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math302 statics amu/apu

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Question;One of the requirements for a binomial experiment is that there must be a(n);number of trials.;Question 13 of 20;1.0 Points;Accepted characters;numbers, decimal point markers (period or comma), sign indicators (-), spaces;(e.g., as thousands separator, 5 000), "E" or "e" (used in scientific notation).;NOTE: For scientific notation, a period MUST be used as the decimal point;marker. Complex numbers should be in the form (a + bi) where "a" and "b;need to have explicitly stated values. For example: {1+1i} is valid whereas;{1+i} is not. {0+9i} is valid whereas {9i} is not. Find the mean of the;probability distribution:X;0;1;2;3;4P(X);0.12;0.16;0.24;0.30;0.18Round your;answer to two decimal place as necessary. For example, 4.56 would be a;legitimate entry.Mean = Accepted characters: numbers, decimal point;markers (period or comma), sign indicators (-), spaces (e.g., as thousands;separator, 5 000), "E" or "e" (used in scientific notation). NOTE: For;scientific notation, a period MUST be used as the decimal point marker.;Complex numbers should be in the form (a + bi) where "a" and "b" need to;have explicitly stated values. For example: {1+1i} is valid whereas {1+i} is;not. {0+9i} is valid whereas {9i} is not. In February 2002 the;Argentine peso lost 70% of its value compared to the United States dollar. This;devaluation drastically raised the price of imported products. According to a;survey conducted by AC Nielsen in April 2002, 68% of the consumers in Argentina;were buying fewer products than before the devaluation, 24% were buying the same;number of products, and 8% were buying more products. Furthermore, in a trend;toward purchasing less-expensive brands, 88% indicated that they had changed the;brands they purchased. Suppose the following complete set of results were;reported. Use the following data to answer this question.;Number of;Products Purchased;Brands;Purchased;Fewer;Same;More;Total;Same;10;14;24;48;Changed;262;82;8;352;Total;272;96;32;400Given that a consumer changed brands, what then is the;probability that the consumer purchased fewer products than before? Place your;answer, rounded to 4 decimal places, in the blank.;Question 15 of 20;1.0 Points;Accepted characters;numbers, decimal point markers (period or comma), sign indicators (-), spaces;(e.g., as thousands separator, 5 000), "E" or "e" (used in scientific notation).;NOTE: For scientific notation, a period MUST be used as the decimal point;marker. Complex numbers should be in the form (a + bi) where "a" and "b;need to have explicitly stated values. For example: {1+1i} is valid whereas;{1+i} is not. {0+9i} is valid whereas {9i} is not.;An ice cream vendor sells three flavors: chocolate;strawberry, and vanilla. Forty five percent of the sales are chocolate, while;30% are strawberry, with the rest vanilla flavored. Sales are by the cone or the;cup. The percentages of cones sales for chocolate, strawberry, and vanilla, are;75%, 60%, and 40%, respectively. For a randomly selected sale, define the;following events: = chocolate;chosen;= strawberry chosen;= vanilla;chosen;= ice cream on a;cone;ice cream;in a cupFind;the probability that the ice cream was vanilla flavor, given that it was sold in;a cup.;Place;your answer, rounded to 4 decimal places, in the blank. For;exampe, 0.3456 would be a legitimate entry.;Question 4 of 20;1.0 Points;What is the probability of drawing two queens in a row from a standard deck of;cards without replacement?;A.0.0015;B.0.0059;C.0.0385;D.0.0045;Reset Selection;Question 5 of 20;1.0 Points;Three cards are drawn from a deck without replacement. What is the probability;that all three cards are clubs?;A.0.0129;B.0.012;C.0.25;D.0.0156;Reset;Selection;Part 2 of 6 -;Question 6 of 20;1.0 Points;One of the requirements for a binomial experiment is that there must be a(n);number of trials.;A.fixed;B.infinite;C.random;D.odd;Reset Selection;Question 7 of 20;1.0 Points;Suppose that 50 identical batteries are being tested. After 8 hours of;continuous use, assume that a given battery is still operating with a;probability of 0.70 and has failed with a probability of 0.30. What is;the probability that greater than 30 batteries will last at least 8 hours?;A.0.8594;B.0.0848;C.0.9522;D.0.9152;Reset Selection;Question 8 of 20;1.0 Points;Suppose that 50 identical batteries are being tested. After 8 hours of;continuous use, assume that a given battery is still operating with a;probability of 0.70 and has failed with a probability of 0.30. What is;the probability that between 25 and 30 batteries (inclusive) will last at least;8 hours?;A.0.9169;B.0.1186;C.0.0839;D.0.7792;Reset Selection;Question 9 of 20;1.0 Points;Find the variance of the following probability distribution. X;P(X)1;0.302;0.153;0.054;0.255;0.25 A.1.73;B.1.61;C.2.60;D.1.27;Reset Selection;Question 10 of 20;1.0 Points;A drug is reported to benefit 40% of the patients who take it. If 6 patients;take the drug, what is the probability that 4 or more patients will benefit?;A.0.862;B.0.179;C.0.138;D.0.667;Reset Selection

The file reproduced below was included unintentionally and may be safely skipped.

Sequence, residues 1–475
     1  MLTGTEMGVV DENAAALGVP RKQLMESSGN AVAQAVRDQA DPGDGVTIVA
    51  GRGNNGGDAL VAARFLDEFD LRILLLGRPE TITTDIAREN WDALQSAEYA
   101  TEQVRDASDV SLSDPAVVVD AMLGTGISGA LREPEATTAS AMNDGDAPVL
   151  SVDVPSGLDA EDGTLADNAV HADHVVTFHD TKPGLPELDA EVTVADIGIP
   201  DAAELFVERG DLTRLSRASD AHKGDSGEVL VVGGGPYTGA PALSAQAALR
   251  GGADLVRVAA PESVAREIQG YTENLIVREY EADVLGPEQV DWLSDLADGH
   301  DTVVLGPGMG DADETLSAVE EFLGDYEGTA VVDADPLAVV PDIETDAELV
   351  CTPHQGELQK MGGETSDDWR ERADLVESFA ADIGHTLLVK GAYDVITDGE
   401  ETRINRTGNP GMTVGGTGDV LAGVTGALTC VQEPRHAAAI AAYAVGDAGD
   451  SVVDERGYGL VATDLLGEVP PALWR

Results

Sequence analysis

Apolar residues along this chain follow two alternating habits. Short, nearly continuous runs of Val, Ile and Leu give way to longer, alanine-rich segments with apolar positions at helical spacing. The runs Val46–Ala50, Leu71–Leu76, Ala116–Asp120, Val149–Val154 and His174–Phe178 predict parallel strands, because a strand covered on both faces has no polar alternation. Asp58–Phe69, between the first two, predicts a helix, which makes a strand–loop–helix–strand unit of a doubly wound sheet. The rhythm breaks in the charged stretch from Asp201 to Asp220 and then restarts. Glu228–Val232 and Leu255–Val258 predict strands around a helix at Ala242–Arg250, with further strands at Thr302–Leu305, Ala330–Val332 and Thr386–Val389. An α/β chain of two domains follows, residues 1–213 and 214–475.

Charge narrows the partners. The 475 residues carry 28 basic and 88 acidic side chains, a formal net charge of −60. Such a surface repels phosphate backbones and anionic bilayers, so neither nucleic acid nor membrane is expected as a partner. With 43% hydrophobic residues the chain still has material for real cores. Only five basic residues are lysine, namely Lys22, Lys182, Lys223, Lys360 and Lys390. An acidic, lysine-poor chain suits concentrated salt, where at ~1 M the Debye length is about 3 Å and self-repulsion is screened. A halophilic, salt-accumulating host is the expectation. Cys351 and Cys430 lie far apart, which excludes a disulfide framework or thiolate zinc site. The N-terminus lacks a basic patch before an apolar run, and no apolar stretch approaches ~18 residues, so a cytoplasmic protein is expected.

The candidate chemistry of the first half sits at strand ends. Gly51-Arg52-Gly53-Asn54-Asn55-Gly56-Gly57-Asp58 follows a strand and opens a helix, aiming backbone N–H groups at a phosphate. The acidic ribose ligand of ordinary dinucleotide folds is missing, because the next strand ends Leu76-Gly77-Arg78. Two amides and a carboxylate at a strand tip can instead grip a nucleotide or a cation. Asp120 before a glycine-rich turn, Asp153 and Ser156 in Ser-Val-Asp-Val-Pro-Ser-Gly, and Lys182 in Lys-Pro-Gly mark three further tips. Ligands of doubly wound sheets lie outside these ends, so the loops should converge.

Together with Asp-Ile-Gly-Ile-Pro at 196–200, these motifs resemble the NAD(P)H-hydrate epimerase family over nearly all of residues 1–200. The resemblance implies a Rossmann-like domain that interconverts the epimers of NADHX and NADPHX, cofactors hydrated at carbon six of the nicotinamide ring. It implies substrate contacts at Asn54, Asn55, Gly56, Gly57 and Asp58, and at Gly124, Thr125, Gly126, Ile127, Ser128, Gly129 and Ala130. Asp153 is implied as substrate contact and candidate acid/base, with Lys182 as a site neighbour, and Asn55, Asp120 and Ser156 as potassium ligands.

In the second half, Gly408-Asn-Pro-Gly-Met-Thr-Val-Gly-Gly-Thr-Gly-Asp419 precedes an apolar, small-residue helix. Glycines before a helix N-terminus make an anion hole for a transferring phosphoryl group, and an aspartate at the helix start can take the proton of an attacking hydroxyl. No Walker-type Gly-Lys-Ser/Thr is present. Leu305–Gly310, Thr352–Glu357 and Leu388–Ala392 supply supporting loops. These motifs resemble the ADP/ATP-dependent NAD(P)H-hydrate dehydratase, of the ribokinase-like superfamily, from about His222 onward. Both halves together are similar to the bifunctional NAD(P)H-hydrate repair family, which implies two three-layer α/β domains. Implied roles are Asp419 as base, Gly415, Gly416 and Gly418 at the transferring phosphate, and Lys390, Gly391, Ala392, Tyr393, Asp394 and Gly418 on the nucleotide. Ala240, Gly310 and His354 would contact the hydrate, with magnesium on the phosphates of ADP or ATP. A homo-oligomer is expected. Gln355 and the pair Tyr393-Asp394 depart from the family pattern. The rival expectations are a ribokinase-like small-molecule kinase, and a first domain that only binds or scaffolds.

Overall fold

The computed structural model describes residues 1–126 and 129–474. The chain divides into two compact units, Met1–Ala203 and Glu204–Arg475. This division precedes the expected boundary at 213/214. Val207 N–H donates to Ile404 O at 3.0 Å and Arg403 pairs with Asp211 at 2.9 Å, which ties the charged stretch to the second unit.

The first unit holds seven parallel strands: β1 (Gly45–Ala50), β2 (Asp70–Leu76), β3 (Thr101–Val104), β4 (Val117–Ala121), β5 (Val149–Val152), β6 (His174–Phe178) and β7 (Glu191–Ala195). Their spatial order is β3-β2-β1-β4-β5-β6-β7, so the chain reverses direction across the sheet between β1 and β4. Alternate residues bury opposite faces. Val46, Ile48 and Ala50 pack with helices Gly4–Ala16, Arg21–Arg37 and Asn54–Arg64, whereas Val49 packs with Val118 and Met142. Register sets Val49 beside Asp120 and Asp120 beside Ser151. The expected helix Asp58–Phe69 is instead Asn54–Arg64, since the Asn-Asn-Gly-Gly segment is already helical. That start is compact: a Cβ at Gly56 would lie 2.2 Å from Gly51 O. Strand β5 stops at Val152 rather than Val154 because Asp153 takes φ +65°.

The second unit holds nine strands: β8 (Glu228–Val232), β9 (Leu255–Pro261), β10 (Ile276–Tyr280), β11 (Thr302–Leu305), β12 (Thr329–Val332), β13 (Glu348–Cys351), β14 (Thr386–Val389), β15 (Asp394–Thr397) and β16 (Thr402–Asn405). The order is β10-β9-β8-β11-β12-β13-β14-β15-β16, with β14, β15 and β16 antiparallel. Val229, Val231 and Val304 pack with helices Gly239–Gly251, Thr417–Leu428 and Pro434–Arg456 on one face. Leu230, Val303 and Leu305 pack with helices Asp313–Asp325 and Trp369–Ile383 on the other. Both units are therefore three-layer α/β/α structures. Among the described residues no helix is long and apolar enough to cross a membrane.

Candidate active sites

Paper#61452 | Written in 18-Jul-2015

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